Whārangi 1: Biography
Richdale, Lancelot Eric
I tuhia tēnei haurongo e Christopher Robertson,, ā, i tāngia tuatahitia ki Ngā Tāngata Taumata Rau Ko te wāhanga , 1998.
Lancelot Eric Richdale was born on 4 January 1900 at Marton, the eldest child of Alfred Richdale and his wife, Amy Stewart. Alfred became associated with Oscar A. Multon and Frank Stewart in a cordial-manufacturing business at Marton. The family later moved to Wanganui, where he established Richdale and Robinson, producers of aerated waters, and later operated a garden nursery and dairy farm.
At Gonville School (1905–11), the Victoria Avenue primary school and Wanganui Technical College (1915–20) Lance Richdale was an intensely patient and dedicated student with a keen interest in sports. He developed an early interest in plants through his mother and while working in an orchard for pocket money. As a secondary school cricketer he was an excellent batsman and bowler, and although of slight build was a useful rugby back. He captained both the First XI and First XV as well as being head prefect; as a member of the school council he was an entertaining public speaker. Passing teaching exams while at school, he assisted with agricultural courses before going to Hawkesbury Agricultural College, New South Wales, from where he graduated with a diploma of agriculture.
Back in New Zealand Richdale taught in a number of North Island rural areas from 1923 to 1928, before moving to Otago as an instructor in agriculture with the Otago Education Board from 1928. He was also described as a nature study specialist and a supervisor in biology. On 10 June 1933, at Timaru, he married Agnes Michie Dixon, a teacher; they were to have no children. He studied history at the University of Otago, graduating MA in 1936, and later obtained postgraduate certificates in advanced botany. If Richdale had done nothing else but teach he would be remembered as a great educator by thousands of Otago city and rural students and their teachers. As ‘Mr Rich’ the ‘Nature Study Man’ he brought the wonder of nature to children, lifting their lives from the dryness of the classroom.
Richdale’s main interest had been in alpine flora, but in 1936 he was introduced to the study of birds – initially the yellow-eyed penguin and the royal albatross. Over the next 30 years, in spite of a teaching job involving extensive travel away from home, he undertook field research in many remote locations. This resulted in over 105 scientific books, papers and popular articles on a wide range of birds, mainly seabirds. He spent long hours guarding albatross nests at Taiaroa Head in order to protect the eggs. His pioneering efforts fostered the protection of the unique royal albatross colony at a time when public support for the principles of conservation was limited. The Otago branch of the Royal Society of New Zealand was eventually able to establish a sanctuary for the birds, and the Richdale Observatory at Taiaroa Head was opened in 1983.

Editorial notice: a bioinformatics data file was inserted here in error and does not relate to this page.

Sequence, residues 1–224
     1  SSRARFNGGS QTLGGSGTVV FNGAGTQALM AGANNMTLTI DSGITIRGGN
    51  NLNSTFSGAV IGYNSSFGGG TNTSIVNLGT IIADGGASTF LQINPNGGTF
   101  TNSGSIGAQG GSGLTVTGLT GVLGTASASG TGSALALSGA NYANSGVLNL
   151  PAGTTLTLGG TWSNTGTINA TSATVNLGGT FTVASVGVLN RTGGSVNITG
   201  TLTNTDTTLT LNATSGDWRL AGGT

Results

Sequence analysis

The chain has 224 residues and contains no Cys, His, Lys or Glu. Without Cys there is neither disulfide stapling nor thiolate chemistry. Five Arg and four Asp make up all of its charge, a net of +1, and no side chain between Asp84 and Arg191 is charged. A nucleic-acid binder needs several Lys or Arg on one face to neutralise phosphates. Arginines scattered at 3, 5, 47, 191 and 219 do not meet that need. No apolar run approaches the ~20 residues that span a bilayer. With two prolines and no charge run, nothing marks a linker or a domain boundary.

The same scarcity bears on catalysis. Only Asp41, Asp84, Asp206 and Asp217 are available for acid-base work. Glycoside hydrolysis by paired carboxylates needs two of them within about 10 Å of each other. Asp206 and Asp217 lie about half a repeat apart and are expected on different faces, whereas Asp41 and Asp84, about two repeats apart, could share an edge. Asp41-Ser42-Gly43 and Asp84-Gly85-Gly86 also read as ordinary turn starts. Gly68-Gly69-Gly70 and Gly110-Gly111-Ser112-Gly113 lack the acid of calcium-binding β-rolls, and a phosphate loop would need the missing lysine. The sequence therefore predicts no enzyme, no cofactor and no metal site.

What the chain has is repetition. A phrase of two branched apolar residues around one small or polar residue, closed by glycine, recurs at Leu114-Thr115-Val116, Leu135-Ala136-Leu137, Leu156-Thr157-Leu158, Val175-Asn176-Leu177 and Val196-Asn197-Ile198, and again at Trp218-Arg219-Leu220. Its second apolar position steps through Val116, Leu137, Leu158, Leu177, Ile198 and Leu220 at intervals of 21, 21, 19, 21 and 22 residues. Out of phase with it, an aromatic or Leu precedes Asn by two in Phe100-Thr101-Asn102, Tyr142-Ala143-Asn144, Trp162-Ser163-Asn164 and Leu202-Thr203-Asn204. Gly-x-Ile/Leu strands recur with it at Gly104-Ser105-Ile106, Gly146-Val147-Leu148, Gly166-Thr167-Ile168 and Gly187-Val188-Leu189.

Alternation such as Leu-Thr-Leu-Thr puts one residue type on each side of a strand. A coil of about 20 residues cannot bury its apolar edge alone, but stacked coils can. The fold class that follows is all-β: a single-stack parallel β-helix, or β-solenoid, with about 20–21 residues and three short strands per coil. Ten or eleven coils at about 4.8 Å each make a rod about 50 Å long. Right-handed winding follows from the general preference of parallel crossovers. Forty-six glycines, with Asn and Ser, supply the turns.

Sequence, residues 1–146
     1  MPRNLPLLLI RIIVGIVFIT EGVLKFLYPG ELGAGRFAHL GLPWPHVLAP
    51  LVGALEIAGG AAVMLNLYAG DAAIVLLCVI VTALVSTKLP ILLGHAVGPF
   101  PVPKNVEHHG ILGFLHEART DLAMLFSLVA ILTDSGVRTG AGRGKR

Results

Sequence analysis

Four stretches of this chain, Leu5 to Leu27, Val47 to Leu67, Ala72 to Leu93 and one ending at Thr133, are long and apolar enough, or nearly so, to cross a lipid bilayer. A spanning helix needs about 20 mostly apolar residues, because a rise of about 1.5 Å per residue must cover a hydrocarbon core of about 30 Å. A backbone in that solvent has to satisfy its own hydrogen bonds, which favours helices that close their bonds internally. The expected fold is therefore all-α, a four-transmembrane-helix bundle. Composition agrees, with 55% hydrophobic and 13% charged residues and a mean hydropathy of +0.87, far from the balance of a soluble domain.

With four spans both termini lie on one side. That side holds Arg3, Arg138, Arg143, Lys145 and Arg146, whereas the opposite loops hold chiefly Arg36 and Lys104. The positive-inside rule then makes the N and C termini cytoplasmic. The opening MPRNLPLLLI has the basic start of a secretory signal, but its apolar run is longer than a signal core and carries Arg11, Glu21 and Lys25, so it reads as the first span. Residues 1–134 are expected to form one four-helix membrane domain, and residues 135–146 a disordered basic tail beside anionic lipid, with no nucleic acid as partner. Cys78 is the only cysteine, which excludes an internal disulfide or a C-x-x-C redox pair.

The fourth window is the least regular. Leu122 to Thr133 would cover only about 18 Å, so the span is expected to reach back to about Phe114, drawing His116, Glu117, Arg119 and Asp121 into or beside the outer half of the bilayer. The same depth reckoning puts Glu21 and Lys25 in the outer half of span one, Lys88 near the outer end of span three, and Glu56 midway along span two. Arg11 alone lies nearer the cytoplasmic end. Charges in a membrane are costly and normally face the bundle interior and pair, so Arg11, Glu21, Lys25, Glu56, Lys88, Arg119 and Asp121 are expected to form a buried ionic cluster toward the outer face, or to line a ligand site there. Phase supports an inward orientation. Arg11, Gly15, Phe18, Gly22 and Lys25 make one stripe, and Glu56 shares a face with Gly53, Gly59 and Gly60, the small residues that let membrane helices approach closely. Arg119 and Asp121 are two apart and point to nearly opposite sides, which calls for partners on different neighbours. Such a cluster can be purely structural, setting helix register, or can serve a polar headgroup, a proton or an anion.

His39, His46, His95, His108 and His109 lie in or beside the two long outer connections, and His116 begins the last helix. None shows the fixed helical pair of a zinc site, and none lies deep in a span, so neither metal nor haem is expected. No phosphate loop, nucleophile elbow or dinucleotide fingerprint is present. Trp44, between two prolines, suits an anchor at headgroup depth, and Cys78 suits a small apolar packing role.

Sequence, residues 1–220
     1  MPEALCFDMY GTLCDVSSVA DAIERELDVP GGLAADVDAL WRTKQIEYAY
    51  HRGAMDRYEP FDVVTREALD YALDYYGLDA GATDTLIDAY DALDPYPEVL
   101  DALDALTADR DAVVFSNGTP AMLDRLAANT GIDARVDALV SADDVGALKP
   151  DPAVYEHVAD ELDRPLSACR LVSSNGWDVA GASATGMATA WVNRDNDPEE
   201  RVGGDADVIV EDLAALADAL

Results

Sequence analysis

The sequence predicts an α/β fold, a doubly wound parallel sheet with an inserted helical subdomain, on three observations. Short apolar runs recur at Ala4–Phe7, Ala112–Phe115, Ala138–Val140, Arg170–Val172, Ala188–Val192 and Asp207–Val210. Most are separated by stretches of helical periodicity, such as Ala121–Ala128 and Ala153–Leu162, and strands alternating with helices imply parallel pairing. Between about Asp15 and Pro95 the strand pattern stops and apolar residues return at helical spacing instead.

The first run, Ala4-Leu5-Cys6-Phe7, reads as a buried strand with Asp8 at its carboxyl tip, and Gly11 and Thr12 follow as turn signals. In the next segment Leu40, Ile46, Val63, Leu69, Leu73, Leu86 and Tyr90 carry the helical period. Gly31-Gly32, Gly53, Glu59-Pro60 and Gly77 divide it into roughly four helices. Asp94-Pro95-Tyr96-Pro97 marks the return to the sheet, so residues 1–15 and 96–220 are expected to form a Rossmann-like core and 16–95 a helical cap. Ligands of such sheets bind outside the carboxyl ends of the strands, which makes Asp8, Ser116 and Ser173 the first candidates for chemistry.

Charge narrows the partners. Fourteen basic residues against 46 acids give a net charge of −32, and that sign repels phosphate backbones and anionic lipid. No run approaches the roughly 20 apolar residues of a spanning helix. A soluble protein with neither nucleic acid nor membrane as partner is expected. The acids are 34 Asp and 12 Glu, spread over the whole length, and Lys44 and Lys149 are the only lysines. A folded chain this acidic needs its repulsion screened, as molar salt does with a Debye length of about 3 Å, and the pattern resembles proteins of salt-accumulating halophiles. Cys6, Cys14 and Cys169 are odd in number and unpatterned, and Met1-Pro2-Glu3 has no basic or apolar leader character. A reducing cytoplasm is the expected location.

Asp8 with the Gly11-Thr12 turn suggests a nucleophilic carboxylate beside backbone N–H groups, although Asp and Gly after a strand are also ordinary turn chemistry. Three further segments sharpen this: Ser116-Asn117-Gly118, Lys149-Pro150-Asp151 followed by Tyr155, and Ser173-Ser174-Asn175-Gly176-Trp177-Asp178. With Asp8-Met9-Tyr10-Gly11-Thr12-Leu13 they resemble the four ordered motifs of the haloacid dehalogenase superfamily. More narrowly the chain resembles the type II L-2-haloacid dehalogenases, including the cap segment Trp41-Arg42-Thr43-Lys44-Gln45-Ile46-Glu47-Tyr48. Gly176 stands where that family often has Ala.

Richdale was equally devoted to the study of penguins and petrels. In 1951 his book Sexual behavior in penguins, primarily on the yellow-eyed penguin, rated an enthusiastic review in Time magazine, which described him as the ‘Dr Kinsey of the penguin world’. Robert Cushman Murphy, a leading international ornithologist, stated that ‘There is probably no paper in the history of science that has involved such continuous, intimate and long-term recording of the behaviour of wild animals’. Most seabirds live on remote islands, and on tiny Whero Rock near Stewart Island, in fierce weather and primitive conditions (he initially lived in a tent), Richdale studied a variety of small burrowing petrels including the titi (muttonbird). Between 1940 and 1950 he endured some 50 weeks of self-imposed isolation, with normal days of 15–20 hours’ work. He was always ably supported by Agnes, who helped in the field and typed his many manuscripts.
This single-minded application earned him a deserved international reputation. A Fulbright fellowship awarded in 1950 enabled him to study at Cornell University, New York state. On his return he received a Nuffield Foundation grant of £2,000 for work on animal ecology and population studies. He was an honorary lecturer at the University of Otago from 1940 to 1952, and received a DSc in 1952 and the Hector Memorial Medal and Prize of the Royal Society of New Zealand in 1953. He was a fellow of the Royal Society of New Zealand, fellow of the Linnean Society of London, and a founding member of the Ornithological Society of New Zealand. In 1982 he was appointed an OBE for services to ornithology.
Richdale retired from the education service in 1960 and took up a Nuffield grant to England for three years in order to prepare his work on petrels. On his return to New Zealand in 1963 he deemed himself ‘exhausted’ and, suffering from a damaged back and the onset of Parkinson’s disease, withdrew from the local scientific community. Richdale and his wife returned to Hamilton before moving in 1966 to Auckland, where he died on 19 December 1983; Agnes survived him.
Richdale’s extensive records, including a range of magnificent photographic studies, are housed in the Hocken Library. As local teacher or international scientist, he had that element of genius that manifested itself in a compulsive curiosity. At all times he was a severe questioner of hypotheses, always searching for and recording in detail the factual foundations necessary to support his fierce assertion that ‘proof is the authority, not authority the proof’.